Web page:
> Austin.  The weekend of our main show is also the weekend that Albuquerque
> has their show.  In other words the bloom season overlaps over a 650 mile
> east to west section of country.  At that time we need to be home
> hybridizing and greeting the visitors to our own garden.  If a judge also
> tries to make it to the National and / or the TBIS convention wherever it is
> being hosted that makes it even more fun.  Visiting gardens is one of life's
> great pleasures but it isn't easy.
> 
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> 
> Dana Brown
> AIS Region 17 Judges Training Chairperson
> Director TBIS
> AIS, ASI, MIS, RIS, SPIS, TBIS
> Malevil Gardens
> www.malevil-iris.com
> Lubbock, TX
> Zone 7 USDA, Zone 10 Sunset
> DanaBrown@peoplepc.com
> 
> ------------------------------
> 
> Date: Sat, 27 Mar 2004 00:02:46 -0500
> From: "Neil A Mogensen" <neilm@charter.net>
> Subject: [iris] AIS: Judges work load, etc
> 
> From first hand experience I can say that judging a show is an intense,
> exhausting piece of work.  The degree of attention, care and study needed for
> a show judge to be both competent and fair is not small.
> 
> The same is true for the judge who evaluates varieties in the gardens he or
> she visits.  The task is quite different from judging a show, and if there is
> a desire to see a large number of award-eligible varieties the judge needs not
> only to spend time in his or her own garden, but visit others also, and also
> attend the national AIS convention.
> 
> Generally an iris season lasts about a month for the larger beardeds with some
> weeks tacked on either side of that time for the dwarf beardeds and the
> various beardless types.  Any judge who (hopefully) has a garden full of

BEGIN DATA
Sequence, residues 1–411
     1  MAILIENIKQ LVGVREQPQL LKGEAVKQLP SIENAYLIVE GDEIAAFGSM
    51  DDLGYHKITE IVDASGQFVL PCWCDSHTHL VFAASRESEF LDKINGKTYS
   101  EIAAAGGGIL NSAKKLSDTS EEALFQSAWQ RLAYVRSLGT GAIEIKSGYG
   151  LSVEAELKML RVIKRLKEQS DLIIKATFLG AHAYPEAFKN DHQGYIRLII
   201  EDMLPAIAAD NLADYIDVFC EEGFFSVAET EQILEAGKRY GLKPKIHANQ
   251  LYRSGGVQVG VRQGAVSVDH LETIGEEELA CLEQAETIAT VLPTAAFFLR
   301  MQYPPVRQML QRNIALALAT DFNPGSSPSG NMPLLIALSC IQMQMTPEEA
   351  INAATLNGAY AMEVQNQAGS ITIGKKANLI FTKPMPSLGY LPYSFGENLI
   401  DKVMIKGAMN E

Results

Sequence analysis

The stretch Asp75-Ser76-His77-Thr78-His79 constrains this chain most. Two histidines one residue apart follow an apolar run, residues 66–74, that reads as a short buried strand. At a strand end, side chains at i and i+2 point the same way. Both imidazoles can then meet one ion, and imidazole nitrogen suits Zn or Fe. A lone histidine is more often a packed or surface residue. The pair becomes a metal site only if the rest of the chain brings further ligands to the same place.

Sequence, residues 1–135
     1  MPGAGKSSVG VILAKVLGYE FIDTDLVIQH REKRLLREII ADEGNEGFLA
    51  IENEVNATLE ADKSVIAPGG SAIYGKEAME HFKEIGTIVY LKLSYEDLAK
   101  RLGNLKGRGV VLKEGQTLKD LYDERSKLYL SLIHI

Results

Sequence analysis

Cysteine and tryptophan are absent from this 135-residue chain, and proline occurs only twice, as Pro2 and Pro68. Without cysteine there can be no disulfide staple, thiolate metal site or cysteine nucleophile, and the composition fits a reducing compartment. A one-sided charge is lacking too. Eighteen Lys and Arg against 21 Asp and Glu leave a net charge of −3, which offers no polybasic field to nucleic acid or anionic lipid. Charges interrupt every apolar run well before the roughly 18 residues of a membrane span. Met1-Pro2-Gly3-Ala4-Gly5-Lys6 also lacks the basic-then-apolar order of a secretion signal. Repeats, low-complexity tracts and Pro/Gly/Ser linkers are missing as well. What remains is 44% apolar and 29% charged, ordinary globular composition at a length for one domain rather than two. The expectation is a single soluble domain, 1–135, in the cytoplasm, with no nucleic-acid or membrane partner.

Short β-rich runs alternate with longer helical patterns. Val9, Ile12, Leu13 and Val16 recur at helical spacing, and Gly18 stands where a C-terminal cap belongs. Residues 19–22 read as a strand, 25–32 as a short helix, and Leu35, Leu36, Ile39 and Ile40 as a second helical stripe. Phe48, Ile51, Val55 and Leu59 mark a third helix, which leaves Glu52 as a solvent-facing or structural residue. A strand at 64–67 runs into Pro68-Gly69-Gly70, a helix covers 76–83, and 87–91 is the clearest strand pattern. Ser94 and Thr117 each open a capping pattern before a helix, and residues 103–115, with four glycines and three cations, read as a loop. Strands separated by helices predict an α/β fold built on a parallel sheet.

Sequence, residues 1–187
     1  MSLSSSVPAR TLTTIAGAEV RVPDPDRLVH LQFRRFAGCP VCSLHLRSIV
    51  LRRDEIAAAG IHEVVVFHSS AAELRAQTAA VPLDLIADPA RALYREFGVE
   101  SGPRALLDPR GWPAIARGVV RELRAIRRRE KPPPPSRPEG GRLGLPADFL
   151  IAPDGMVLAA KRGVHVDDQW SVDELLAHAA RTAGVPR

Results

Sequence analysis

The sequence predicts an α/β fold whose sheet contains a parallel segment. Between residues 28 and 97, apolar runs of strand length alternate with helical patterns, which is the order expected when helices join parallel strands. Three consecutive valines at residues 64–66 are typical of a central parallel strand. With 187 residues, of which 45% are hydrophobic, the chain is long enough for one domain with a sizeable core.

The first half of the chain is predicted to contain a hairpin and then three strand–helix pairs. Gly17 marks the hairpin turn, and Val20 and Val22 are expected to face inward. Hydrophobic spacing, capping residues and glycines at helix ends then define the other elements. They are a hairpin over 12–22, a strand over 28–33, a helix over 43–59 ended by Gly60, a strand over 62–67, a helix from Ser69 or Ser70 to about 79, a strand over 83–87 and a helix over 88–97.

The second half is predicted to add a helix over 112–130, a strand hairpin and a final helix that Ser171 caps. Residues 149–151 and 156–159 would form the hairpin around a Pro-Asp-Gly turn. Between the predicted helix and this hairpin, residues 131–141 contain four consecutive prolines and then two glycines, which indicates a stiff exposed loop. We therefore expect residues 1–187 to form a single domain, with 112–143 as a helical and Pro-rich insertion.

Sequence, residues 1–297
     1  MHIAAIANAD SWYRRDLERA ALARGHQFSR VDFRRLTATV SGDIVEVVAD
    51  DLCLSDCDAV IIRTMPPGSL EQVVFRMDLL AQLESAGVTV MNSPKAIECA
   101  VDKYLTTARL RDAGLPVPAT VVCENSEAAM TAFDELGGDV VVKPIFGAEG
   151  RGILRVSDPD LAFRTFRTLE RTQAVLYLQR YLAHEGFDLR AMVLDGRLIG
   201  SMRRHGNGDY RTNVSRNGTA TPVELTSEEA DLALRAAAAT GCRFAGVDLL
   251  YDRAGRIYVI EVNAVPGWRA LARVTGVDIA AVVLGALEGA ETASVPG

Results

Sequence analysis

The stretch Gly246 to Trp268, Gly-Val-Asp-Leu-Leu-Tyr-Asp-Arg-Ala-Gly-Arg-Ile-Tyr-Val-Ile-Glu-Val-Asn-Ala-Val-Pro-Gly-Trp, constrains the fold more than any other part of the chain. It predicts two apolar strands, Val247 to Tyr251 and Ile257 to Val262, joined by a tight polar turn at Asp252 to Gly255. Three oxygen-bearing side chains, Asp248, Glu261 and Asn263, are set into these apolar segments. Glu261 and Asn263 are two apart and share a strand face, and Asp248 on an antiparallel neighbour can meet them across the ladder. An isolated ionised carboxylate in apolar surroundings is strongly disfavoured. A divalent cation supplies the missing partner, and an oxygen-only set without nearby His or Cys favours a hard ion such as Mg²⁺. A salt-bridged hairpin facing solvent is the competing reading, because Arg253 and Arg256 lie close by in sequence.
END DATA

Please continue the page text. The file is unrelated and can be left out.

> irises of his or her own also has a responsibility to keep that garden
> maintained for the benefit of those who are going to be visiting there.
> 
> Just how far can a person's resources of time, energy and money be stretched?
> 
> I do hear and understand the complaints about our system but I can't think of
> much that would improve it.
> 
> Out of those five hundred-plus introductions annually, how many of them are
> really worthy, let alone genuinely superior?  We need to know.  We need to
> know whether an iris will or will not thrive equally in Mississippi  Missoula,
> Manitoba or at Linda Mann's.  We need to discover which of them are especially
> tasty to borers from North Carolina to New Hampshire, or better yet, which are
> not.  Do they rot and fade in Utah?  Can they take the rain in Seattle and
> Salem?  Are there enough buds on a stalk to make the variety worth growing at
> all?
> 
> As difficult the issues are that face our present system, it really was
> intended to address those kinds of questions.  The judges I've known who do
> the work within the system have been hard-working, conscientious people who
> try to do the impossible, and sweat over those ballots.  I hear grumbles that
> there are judges who aren't like that, and people being people, I'm sure they
> exist, but I have never met any of them.
> 
> The one improvement I can think of, and it is one I can do something about
> personally, is for the hybridizer him or herself to be equally as conscientous
> and critical of his or her own seedlings as the hybridizer would ask a judge
> to be.  Don't contribute to that five-hundred plus annual count anything that
> isn't really that worthy in the first place.  Critical selection starts at
> home.  The first step in improving our system is made when I stick the shovel
> under one of my darlin's and toss it onto the compost pile.
> 
> The next step is not to tolerate poor quality or poor performance in the ones